2013 Volkswagen Routan SE

The Routan was only imported for a handful of years, 2013 was one of them, but still don’t expect to find one of these used anywhere as easily as an Odyssey, Sienna or Grand Caravan.

It’s specs are actually near the top of the group, with heated leather seats and a backup camera being added to the V6 engine and auto transmission.  It seats 7 people, and interestingly wasn’t available in silver as standard, so all of our price comparisons will be based off a white van.

The Results

Ownership Costs

Saving a little money is one of the main reasons we want to buy a used minivan, so costs should one of the top facts to consider. The table below shows used price for each model with as close to the same specifications as I could find and the same milage, the price when the vehicle was new, and the used price a percentage of the purchase price (Higher is better).

The list is from best to worst, and is based of the percentage of the cars initial cost it still retains.

Minivan Original Purchase Price Current Price Retained Value
Odyssey $31,825 $21,312 67.0%
Toyota Sienna $30,135 $20,049 66.5%
GMC Savana $29,510 $18,448 62.5%
Mazda5 $22,070 $13,262 60.1%
Quest $29,740 $18,078 60.1%
Grand Caravan $23,395 $13,821 59.1%
Routan $32,010 $18,384 57.4%
Kia Sedona $29,190 $16,500 56.5%
Town and Country $32,050 $17,898 55.8%


Fuel Efficiency

A large part of how much the vehicle costs to own is based on its fuel efficiency.

The table below shows the published figures for city and highway driving as well as an estimated cost per year for gas based off 20,000 miles/year with gas costing $2.50 / gallon and the mix of driving being 60% city, 40% highway. Results are best to worst.

Minivan City MPG Highway MPG Estimated Gas cost/year
Mazda5 22 28 $2078.00
Quest 19 25 $2,379.00
Odyssey 18 27 $2,406.00
Toyota Sienna 18 25 $2,466.75
Kia Sedona 18 25 $2,466.75
Routan 17 25 $2,564.75
Town and Country 17 25 $2,564.75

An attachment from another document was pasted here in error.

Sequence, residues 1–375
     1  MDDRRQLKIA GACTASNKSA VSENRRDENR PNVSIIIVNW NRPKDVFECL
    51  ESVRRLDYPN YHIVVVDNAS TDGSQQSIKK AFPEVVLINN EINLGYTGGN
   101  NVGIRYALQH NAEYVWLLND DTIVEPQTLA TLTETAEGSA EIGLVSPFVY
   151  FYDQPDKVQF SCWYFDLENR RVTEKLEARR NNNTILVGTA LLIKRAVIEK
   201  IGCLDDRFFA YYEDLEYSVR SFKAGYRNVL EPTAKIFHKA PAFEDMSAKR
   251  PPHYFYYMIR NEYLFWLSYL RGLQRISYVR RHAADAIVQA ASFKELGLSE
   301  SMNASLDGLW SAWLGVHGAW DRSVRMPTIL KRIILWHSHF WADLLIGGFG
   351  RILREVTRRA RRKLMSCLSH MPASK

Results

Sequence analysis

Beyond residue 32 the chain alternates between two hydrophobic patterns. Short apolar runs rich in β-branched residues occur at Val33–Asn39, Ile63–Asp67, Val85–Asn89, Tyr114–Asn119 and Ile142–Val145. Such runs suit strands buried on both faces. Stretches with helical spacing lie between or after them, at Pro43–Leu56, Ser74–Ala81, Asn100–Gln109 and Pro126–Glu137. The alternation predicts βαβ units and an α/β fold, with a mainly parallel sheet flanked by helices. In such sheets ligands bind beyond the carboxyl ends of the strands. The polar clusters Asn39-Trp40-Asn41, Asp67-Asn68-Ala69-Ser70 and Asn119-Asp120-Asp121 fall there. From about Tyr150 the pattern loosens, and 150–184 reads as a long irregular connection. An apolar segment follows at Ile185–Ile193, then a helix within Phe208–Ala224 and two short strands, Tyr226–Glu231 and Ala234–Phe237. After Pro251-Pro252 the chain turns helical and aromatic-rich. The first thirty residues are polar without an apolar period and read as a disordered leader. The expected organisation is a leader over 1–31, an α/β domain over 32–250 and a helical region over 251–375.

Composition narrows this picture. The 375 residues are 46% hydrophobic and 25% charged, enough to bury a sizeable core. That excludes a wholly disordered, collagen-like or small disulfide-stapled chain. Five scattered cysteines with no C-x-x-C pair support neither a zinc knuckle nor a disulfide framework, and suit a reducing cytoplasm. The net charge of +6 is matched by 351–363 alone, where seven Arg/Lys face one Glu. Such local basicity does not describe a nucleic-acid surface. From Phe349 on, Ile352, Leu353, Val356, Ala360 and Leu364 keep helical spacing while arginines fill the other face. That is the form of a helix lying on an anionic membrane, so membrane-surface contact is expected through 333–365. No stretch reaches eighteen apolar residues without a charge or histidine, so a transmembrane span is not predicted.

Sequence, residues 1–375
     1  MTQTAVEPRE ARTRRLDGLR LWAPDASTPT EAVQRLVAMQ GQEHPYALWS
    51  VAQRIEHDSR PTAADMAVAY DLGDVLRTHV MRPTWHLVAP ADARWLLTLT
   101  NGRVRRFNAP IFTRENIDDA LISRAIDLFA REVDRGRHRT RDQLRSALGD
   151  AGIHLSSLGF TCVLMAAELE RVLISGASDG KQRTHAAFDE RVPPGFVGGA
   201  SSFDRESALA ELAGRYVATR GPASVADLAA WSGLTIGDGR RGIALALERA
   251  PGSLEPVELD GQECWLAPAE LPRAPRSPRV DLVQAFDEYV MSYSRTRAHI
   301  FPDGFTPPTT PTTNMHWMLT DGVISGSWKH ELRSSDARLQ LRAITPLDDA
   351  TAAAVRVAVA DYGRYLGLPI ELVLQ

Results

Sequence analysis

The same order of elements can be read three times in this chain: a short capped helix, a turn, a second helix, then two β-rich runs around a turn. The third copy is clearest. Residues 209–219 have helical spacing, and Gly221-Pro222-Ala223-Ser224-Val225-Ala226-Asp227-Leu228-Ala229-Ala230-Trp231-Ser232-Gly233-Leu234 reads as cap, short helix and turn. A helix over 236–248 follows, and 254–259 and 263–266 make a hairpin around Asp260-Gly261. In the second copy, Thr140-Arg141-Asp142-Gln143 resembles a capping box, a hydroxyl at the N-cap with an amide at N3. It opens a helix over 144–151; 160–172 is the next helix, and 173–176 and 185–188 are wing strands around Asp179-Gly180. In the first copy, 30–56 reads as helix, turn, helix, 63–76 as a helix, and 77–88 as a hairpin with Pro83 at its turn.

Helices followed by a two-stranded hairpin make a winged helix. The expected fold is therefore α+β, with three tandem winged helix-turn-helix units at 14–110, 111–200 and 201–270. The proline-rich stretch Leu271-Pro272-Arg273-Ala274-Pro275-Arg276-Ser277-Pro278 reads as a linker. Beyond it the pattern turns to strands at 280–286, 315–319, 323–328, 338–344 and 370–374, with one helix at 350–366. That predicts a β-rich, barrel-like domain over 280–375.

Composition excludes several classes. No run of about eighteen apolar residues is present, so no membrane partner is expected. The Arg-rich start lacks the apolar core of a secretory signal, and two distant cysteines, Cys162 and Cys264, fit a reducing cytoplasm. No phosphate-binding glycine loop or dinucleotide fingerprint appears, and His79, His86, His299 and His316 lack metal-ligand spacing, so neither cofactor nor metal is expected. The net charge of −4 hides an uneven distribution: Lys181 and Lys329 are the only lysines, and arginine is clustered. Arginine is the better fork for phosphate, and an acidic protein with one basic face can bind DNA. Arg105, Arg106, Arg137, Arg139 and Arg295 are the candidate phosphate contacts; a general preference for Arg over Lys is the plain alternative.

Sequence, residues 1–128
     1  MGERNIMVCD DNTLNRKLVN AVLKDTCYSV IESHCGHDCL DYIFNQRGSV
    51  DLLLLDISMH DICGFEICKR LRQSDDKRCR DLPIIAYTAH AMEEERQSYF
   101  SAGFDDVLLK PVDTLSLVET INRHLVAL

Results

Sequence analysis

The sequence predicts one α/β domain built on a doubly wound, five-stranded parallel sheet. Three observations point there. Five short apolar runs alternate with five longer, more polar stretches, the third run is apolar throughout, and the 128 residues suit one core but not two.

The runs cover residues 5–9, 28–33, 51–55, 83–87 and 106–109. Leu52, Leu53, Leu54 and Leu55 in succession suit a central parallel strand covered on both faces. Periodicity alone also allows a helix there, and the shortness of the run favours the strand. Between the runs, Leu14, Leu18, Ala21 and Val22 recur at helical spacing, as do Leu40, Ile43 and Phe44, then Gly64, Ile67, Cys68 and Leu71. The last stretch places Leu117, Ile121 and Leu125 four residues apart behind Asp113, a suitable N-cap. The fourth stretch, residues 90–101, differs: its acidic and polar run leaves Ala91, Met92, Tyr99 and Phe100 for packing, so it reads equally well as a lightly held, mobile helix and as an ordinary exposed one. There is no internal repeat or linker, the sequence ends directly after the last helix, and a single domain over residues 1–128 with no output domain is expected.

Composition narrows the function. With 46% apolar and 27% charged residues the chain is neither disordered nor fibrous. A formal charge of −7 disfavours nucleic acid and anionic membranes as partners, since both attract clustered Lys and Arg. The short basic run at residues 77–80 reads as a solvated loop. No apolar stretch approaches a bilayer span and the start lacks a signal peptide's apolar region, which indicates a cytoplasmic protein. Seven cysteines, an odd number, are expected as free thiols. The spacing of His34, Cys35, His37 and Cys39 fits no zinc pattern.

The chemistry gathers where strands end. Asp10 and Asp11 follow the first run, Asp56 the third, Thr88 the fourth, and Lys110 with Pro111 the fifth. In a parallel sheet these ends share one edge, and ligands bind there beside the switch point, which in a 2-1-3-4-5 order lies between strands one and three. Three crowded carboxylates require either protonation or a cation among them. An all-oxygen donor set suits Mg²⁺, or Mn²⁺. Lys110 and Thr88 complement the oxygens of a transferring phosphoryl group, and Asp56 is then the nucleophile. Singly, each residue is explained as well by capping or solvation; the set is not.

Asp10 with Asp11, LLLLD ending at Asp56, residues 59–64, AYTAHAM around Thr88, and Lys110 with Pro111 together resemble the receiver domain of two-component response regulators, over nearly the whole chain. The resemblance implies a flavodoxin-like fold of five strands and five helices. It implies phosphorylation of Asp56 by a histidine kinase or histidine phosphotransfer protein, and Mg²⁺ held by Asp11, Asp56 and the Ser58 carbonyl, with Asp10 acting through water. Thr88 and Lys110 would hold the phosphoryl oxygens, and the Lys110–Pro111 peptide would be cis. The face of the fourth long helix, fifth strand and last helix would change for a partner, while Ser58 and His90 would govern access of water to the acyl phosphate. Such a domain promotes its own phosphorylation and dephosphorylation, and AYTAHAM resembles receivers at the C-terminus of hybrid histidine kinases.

Grand Caravan 17 25 $2,564.75
GMC Savana 13 17 $3,484.25


The GMC is completely outclassed here, but that is the side effect of the V10 engine and the heavy truck chassis.

The Mazda is the runaway winner, but that is due to the smaller engine and the lighter total weight.

For the full size vans, they are all pretty close, less than a $200 spread from best to worst per year.

Reliability and Reviews

It is hard to find reliability numbers that are actually consistent between sources, and a lot of customer reviews and ratings are normally based off a comparison with their previous vehicle, meaning the same vehicle could get wildly different reviews depending on if the customers previous car was a 15 year old beater or a brand new $80,000 luxury sedan.

For those reasons we will not actually score this section, but we will add our experience, imported asian/Japanese cars seem to be more reliable, and when you do have a problem visiting their dealers seem to be more pleasant experience.

European imports are probably a little more reliable than domestic vehicles, but when something does go wrong it will probably more expensive to fix than either domestic or Japanese imported minivans.

Given these vehicles will all be reasonably new, reliability should not really be an issue with any of them, but you should carefully examine the service records to see if there is any signs that this vehicle may have more than its fair share of problems.

And The Best Minivan 2013 is…

Well it is actually a tie, The 2013 Honda Odyssey and the 2013 Toyota Sienna are so similar on paper that there is really nothing to say one is better than the other.

Our advise is to go and look at both of them, and drive them both, and see if you have any emotional attraction to either.  If you don’t then don’t worry about it, just watch for the best deal you can on both, and then pick the best deal you can find, and feel happy about getting a great deal on a great used minivan.

An honorable mention goes to the Mazda5, if a slightly smaller minivan fits what you need then this is the bargain of the group. It’s much lower current price means instant savings, and its impressive fuel economy numbers mean you will keep saving money over a full size minivan for as long as you own it.

The domestic entries did not do great against the competition, with the Chrysler having lost almost half of its initial cost in less than three years.  I think the domestic car companies are making great strides to make their cars and minivans better, and a 2013 Town and Country is a great improvement over a 2006, but the rest of the market is moving up too, and they still have some ground to make up to be on equal footings with the Japanese imports.